When comparing UltraEdit vs Textadept, the Slant community recommends Textadept for most people. In the question“What are the best programming text editors?” Textadept is ranked 19th while UltraEdit is ranked 24th. The most important reason people chose Textadept is:
Both text and GUI versions behave mostly the same, just the way notepad users would expect it to. Like shift+arrows - select, Ctrl+c - copy, Ctrl+o - open a file.
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Pro Handles large files (>1GB) extremely well
UltraEdit has small memory usage and allows for fast parsing/searching when handling large files.
Pro Probably the most versatile general editor in existence.
If you need a general editor, UltraEdit is the way to go. If you were writing C/C++ all day, then this would be your editor. If you need to slog through large files then this is your go to editor. If you need to go through XML files, then this is your editor. If you need to sort data, then this your my editor.
Pro Search and replace capabilities
From Ultraedit to Perl to Unix regex engines, the search and replace can accomplish just about anything.
Pro Nice hex display & edit
There's a handful of other features like this that make UltraEdit indispensable.
Pro Works perfectly with remote files
Supports several protocols for accessing remote files and working on them with the same ease as local files. Files can be integrated in the projects as normal files.
Pro Fast, stable, easy to use
Pro Extremely customizable GUI editor
UltraEdit offer the best of both worlds. it has a full on GUI along with all the shortcut commands you need. There's no need for the user to suffer 80 char limitations of a terminal editor.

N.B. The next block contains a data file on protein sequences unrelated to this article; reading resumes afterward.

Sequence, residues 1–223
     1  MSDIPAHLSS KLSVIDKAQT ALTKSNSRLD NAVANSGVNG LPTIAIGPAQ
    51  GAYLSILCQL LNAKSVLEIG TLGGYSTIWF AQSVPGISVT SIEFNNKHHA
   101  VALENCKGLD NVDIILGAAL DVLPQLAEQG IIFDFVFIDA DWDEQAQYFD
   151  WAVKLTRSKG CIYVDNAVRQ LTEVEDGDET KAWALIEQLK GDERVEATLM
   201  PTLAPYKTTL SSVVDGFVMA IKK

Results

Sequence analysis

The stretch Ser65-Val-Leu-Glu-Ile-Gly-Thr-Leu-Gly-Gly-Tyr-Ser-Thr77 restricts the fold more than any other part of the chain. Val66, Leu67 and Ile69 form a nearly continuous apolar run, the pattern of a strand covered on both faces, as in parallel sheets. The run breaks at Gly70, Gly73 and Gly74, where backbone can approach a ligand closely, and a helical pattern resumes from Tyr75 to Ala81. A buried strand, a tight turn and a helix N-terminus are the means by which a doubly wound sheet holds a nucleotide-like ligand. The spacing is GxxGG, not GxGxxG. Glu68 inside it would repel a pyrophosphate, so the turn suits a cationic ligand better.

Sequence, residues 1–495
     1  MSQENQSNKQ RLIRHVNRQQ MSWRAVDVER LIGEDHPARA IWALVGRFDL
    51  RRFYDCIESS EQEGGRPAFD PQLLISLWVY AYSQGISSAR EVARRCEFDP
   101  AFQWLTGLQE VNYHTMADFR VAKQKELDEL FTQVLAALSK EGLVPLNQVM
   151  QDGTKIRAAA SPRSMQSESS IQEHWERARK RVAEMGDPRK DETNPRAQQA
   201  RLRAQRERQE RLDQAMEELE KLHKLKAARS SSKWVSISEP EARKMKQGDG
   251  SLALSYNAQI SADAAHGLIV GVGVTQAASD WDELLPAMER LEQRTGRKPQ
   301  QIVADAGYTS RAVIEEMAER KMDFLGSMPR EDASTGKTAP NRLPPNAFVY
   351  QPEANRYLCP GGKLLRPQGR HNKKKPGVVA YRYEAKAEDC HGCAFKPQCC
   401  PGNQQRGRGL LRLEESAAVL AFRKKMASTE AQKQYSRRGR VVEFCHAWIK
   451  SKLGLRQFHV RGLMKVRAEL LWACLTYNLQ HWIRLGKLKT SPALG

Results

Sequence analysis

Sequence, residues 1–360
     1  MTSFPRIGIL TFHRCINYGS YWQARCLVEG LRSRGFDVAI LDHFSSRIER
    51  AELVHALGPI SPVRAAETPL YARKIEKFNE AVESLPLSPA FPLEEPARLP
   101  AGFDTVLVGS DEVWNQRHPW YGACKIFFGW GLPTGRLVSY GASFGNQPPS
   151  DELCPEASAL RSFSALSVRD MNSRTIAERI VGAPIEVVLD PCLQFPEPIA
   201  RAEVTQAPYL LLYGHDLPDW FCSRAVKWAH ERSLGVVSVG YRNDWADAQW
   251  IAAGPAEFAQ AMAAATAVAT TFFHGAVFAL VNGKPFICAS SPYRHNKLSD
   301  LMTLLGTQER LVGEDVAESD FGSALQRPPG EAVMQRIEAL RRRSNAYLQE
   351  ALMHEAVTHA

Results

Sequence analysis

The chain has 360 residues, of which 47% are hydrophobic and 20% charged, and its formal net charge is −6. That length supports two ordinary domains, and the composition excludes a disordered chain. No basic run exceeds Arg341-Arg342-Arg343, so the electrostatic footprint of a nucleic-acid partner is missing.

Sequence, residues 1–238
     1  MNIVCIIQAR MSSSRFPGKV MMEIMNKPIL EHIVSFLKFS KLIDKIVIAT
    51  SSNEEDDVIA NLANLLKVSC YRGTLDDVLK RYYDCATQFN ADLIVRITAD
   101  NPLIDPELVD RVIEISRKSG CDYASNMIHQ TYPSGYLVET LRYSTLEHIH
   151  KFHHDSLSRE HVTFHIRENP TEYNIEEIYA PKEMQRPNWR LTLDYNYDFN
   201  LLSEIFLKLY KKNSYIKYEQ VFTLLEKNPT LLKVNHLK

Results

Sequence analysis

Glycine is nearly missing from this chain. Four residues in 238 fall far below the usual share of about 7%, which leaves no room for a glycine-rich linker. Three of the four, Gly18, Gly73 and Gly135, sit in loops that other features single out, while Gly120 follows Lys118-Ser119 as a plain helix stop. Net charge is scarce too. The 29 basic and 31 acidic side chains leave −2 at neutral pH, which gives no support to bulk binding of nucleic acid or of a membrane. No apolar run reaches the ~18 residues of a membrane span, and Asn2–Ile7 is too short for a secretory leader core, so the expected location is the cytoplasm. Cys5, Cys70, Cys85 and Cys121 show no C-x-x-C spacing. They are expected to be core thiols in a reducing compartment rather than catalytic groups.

Pro Highly flexible
UltraEdit allows you to handle groups of files as a project.
Pro Has both GUI and TUI
Both text and GUI versions behave mostly the same, just the way notepad users would expect it to.
Like shift+arrows - select, Ctrl+c - copy, Ctrl+o - open a file.
It's available for Windows, Mac and Linux.
Pro Small and portable
Has very few dependencies, and very small footprint. Can be copied to a new system in a moment, unpacked and be at your service.
Has a built-in lua engine.
It's not free and a license costs $79.99.
Con The themes introduced in version 20 regressed certain aspects of syntax coloring
The themes simplified the syntax highlighting which lost the capacity to have as many colors as one wanted to define. Now it is limited to around 20 different colors. In general it's not a problem but in certain cases it broke coloring.
For some reason, the classic theme is the only one that is totally pleasant for readability well with syntax highlighting.
Does not have an IRC channel or some kind of forum where a community of developers/plugin writers could evolve around. Has a mailing list which is said to be active but that does not feel that attractive.